3.2 Million Americans Are Living in Extreme Poverty

Too many Americans are living in extreme poverty. This is why Operation Warm is committed to its mission to help children in need.

Poverty is in the news every day. But one piece of today’s news is especially important: fighting poverty here in the United States is perhaps more important than fighting poverty around the world.

The Opinion Piece Heard ‘Round The Country

Today, Nobel laureate and Princeton economics professor Angus Deaton’s opinion piece revealed that he had always considered his international donations to be more ethical, because of the extreme poverty he understood to exist in other countries. But he now recognizes a painful truth: Americans are living in extreme poverty.

We believe that Dr. Deaton may be right when he says that the World Bank’s extreme poverty statistics “suggest that we might rethink how we assist the poor through our own giving.” Giving to our fellow citizens simply recognizes that there is a real need right here in America. The reality is that our own citizens are living in extreme poverty, and each of us has a responsibility to make a change.

The Reality of How Americans Are Living in Extreme Poverty

The World Bank estimates that 3.2 million Americans are living in extreme poverty that is, living on less than $1.90 per day or $694 per year. For a family of four, that’s $2,776 per year. How does a family live on just $2,776 per year? How does this American family give their children what they need? The numbers tell us that this is just not possible.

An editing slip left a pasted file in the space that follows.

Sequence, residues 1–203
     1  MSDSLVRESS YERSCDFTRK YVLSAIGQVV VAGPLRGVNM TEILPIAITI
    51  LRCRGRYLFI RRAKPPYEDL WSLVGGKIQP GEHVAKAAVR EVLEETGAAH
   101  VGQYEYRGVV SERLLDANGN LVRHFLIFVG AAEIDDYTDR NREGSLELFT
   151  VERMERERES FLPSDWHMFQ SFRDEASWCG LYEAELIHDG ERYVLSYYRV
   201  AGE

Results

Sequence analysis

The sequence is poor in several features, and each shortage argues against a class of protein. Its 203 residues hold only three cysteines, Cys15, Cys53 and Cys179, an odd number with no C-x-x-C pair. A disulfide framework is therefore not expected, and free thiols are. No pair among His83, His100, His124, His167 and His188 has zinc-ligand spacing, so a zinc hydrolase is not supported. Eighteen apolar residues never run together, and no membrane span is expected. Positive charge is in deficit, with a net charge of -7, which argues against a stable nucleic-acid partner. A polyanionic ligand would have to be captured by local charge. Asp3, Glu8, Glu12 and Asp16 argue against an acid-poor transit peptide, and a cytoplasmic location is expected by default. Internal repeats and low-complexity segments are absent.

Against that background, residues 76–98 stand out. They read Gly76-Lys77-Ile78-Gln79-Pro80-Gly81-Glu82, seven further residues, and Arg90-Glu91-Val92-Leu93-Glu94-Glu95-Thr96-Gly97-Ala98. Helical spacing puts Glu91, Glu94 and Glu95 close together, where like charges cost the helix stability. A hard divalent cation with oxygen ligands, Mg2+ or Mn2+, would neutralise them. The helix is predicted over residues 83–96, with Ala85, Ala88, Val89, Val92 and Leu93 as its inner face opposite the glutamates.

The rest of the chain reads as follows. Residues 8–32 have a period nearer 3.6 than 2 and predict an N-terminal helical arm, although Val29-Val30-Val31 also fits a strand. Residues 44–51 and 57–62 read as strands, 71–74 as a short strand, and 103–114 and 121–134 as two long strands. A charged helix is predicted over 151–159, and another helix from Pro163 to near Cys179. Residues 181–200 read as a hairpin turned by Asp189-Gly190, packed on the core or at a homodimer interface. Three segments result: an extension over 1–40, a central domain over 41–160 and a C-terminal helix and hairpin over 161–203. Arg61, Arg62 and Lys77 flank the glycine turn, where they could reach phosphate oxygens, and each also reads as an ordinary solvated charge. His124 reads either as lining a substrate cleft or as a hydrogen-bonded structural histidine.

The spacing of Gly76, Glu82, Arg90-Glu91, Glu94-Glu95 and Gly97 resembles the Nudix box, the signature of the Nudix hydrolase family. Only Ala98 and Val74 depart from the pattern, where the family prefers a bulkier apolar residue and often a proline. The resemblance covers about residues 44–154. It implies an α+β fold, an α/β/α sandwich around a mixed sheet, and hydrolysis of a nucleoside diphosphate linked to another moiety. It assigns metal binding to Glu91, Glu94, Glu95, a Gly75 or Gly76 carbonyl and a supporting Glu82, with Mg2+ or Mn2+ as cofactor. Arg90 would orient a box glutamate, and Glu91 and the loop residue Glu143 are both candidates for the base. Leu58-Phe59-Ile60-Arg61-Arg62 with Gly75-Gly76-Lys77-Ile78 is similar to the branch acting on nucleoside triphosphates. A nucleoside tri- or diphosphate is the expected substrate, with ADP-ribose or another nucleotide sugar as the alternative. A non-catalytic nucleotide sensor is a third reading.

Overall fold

(For a visual reality check, visit Poverty USA’s Poverty Tour)

What Operation Warm is Doing to Relieve American Poverty

Operation Warm works every day to counter on of the most unforgiving hardships of childhood poverty in America: the lack of adequate winter clothing. We provide brand new winter coats to the children who need them most, because we believe that every child, regardless of circumstance, deserves their own brand new coat.

Maybe we can’t eliminate American poverty, but we can give American children the warmth, hope and self-esteem that brand new coats provide.

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